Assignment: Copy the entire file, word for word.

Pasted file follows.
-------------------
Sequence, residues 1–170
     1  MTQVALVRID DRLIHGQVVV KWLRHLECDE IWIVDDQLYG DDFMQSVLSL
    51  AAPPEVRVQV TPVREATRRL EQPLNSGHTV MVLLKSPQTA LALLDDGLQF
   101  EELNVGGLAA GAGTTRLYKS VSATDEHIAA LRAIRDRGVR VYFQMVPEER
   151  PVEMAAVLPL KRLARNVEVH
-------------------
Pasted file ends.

Sequence, residues 1–170
     1  MTQVALVRID DRLIHGQVVV KWLRHLECDE IWIVDDQLYG DDFMQSVLSL
    51  AAPPEVRVQV TPVREATRRL EQPLNSGHTV MVLLKSPQTA LALLDDGLQF
   101  EELNVGGLAA GAGTTRLYKS VSATDEHIAA LRAIRDRGVR VYFQMVPEER
   151  PVEMAAVLPL KRLARNVEVH